Gov. Northam tightens restrictions in Hampton Roads, despite White House expert’s push for statewide roll back

Virginia Politics

RICHMOND, Va. (WRIC) — Gov. Ralph Northam is rolling back reopening in Hampton Roads as cases there surge but stopped short of doing so statewide.

Gov. Northam’s announcement came after a private meeting Tuesday with Dr. Deborah Birx, the Coronavirus Response Coordinator for the White House. Virginia was her last stop on a five-state tour, which also included Indiana, Ohio, Kentucky and Tennessee. She said she came to all of these states with the same message: put additional mitigation measures in place before things get worse. 

Northam took some of her advice but not all of it. Starting this Friday in Hampton Roads, the governor is reducing indoor dining to 50 percent capacity, banning alcohol sales after 10PM and requiring restaurants close by 12AM. He’s also reducing the cap on public and private social gatherings to 50 people max.

Northam said these actions are largely to reign in the rising cases among young adults, who are increasingly socializing without masks.

“You just don’t care as much about social distancing after you’ve had a couple of drinks. That’s when the virus gets spread and that’s why we’re taking this action,” Northam said.

Birx advised Northam to close bars ‘where social distancing isn’t possible’ and limit indoor dining, adding that these measures should ideally be implemented statewide. Birx said states that have closed bars and mandated masks, like Arizona and Texas, have already seen positive results.

“It could really prevent Virginia from having the experience that our southern states have had by starting mitigation efforts sooner rather than later,” Birx said. “We do know across the south where the epidemic is now in every single county in most of these states that it’s important to do it statewide.”

Under Phase Three, which the rest of the state remains in, Northam lifted capacity limits at restaurants but maintained the ban on bar seating. Virginia has rules requiring all establishments that serve liquor to also serve food so it’s not clear which businesses would’ve fallen under the statewide bar closure that Birx recommended.

Northam said he will continue to monitor health data to determine if restrictions need to be reinstated elsewhere. For now, the governor said trends are relatively stable in 4 out of 5 health districts. The state’s overall test positivity rate is 7.3 percent but in the Eastern region it has topped 10 percent.

“What always worries me is if there are people who have gone to the Virginia Beach area or the Portsmouth area or the Hampton area and unknowingly bring the virus back,” Birx said.

For those who vacation outside of Virginia, Northam has yet to formalize self-quarantine mandates as some states have done for residents returning from hot spots. He encouraged 14 days of isolation and said he’s considering further action.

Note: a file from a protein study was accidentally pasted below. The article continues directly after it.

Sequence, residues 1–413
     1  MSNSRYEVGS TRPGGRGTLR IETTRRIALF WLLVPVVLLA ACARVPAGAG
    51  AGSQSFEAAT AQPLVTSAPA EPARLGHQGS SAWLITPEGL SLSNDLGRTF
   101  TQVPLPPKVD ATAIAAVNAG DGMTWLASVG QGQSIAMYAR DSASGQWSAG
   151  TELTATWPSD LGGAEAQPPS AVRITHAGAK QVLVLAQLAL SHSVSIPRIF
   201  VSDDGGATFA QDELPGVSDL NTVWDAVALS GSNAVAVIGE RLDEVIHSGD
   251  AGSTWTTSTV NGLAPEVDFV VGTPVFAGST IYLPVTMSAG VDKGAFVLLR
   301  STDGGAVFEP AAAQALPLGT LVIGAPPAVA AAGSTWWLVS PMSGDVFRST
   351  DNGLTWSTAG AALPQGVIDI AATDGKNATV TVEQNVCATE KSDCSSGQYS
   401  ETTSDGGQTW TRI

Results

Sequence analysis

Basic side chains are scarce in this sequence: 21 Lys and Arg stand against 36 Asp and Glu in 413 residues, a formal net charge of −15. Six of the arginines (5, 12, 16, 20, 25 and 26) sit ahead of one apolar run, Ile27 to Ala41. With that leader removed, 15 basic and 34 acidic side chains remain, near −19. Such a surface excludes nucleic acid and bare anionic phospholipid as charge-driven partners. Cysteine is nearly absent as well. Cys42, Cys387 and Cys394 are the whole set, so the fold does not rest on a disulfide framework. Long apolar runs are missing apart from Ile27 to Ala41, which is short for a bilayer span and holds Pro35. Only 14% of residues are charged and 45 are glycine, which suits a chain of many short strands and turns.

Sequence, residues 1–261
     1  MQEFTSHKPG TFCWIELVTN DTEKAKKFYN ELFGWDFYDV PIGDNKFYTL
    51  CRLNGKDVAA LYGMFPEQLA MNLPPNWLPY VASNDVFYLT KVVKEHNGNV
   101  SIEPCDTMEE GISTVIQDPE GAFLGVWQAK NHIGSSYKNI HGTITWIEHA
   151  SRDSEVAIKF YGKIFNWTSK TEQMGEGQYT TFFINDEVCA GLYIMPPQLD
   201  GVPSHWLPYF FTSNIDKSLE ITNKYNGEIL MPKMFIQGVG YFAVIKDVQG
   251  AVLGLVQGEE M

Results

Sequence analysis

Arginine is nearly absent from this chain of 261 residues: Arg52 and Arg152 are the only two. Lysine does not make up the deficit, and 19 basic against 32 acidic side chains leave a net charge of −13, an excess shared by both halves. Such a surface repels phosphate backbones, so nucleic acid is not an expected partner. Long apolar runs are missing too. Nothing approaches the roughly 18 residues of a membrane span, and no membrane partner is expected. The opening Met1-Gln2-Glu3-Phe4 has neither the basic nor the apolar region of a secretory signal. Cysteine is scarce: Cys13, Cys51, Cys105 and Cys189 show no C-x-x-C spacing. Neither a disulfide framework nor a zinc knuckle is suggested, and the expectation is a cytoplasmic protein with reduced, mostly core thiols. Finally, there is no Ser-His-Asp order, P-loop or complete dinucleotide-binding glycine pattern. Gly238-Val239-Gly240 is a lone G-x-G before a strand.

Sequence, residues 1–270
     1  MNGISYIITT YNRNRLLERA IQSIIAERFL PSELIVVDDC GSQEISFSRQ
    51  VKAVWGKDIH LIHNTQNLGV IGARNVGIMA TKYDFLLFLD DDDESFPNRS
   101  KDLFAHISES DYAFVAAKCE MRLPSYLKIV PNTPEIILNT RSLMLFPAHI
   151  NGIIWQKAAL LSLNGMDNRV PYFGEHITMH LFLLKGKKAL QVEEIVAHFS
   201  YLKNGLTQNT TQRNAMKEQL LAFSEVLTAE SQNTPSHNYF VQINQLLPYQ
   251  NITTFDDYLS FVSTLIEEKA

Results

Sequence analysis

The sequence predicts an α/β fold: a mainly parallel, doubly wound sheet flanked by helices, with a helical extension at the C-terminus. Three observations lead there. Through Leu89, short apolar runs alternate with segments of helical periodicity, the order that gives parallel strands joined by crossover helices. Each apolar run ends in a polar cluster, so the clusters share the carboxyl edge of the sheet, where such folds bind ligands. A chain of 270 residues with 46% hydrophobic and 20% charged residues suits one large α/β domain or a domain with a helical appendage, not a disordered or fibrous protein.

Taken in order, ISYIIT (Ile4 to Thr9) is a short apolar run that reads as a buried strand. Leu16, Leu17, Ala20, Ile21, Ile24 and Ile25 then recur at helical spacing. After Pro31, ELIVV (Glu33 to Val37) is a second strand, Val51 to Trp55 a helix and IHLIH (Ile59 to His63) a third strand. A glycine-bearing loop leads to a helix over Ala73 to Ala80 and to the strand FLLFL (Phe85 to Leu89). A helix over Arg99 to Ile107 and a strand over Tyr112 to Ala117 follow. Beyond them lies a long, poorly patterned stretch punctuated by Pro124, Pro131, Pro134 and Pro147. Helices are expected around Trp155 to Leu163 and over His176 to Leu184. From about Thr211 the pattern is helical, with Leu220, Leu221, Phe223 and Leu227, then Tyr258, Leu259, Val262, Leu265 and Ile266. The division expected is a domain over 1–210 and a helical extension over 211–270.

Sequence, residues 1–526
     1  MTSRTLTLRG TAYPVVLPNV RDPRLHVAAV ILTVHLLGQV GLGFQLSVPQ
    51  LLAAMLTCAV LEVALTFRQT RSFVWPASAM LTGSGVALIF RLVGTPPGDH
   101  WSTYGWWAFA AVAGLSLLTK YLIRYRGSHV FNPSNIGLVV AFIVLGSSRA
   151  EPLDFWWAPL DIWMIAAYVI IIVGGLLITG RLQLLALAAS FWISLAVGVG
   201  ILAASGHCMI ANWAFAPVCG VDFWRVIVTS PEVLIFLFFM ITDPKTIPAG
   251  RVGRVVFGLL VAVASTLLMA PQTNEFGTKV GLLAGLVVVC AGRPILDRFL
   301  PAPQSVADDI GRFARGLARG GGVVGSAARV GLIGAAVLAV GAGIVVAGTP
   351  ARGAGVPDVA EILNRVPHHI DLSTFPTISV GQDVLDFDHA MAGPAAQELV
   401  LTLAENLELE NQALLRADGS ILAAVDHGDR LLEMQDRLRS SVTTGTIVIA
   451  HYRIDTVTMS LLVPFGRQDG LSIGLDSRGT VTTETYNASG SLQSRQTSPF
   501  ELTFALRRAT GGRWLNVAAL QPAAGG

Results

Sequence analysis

Birx said the White House Coronavirus Task Force has observed multiple outbreaks sprouting from birthday parties, graduations and family reunions. She said people should limit social gatherings to 10 people or less.

In Virginia, Phase Three guidelines currently cap gatherings at 250 people. Starting Friday in Hampton Roads, Northam is cutting that down to 50.

Birx also emphasized the importance of mask wearing, especially in environments where multiple generations are present.

“We’re really calling on every Virginian to understand the importance of a mask, not only a mask in public but potentially a mask at home if you have elderly people or people with comorbidities,” Birx said.

Birx said that all of the governors she spoke to on her tour raised concerns about testing turn-around time, specifically at commercial labs.

Virginia Secretary of Health and Human Resources Dr. Daniel Carey said tests being processed by hospitals and the state lab are being returned within 48 hours. When it comes to commercial labs, Carey said people are waiting up to 10 days for results.

Northam called this ‘unacceptable,’ noting that it has become a health equity issue. He blamed the delays on the lack of a national testing strategy.

“I don’t want to point fingers here but this started back in February. There’s been no direction, no program nationally…Governors have had to compete with each other,” Northam said. “It has been a chaotic process–one that I believe could’ve been avoided with more leadership.”

Birx said potential solutions include ramping up pool testing at hospitals. That’s when multiple specimens are screened at once. It’s not clear what the prevalence of pool testing is in Virginia currently.

“We can’t wait for the fall we have to innovate now to expand testing,” Birx said.

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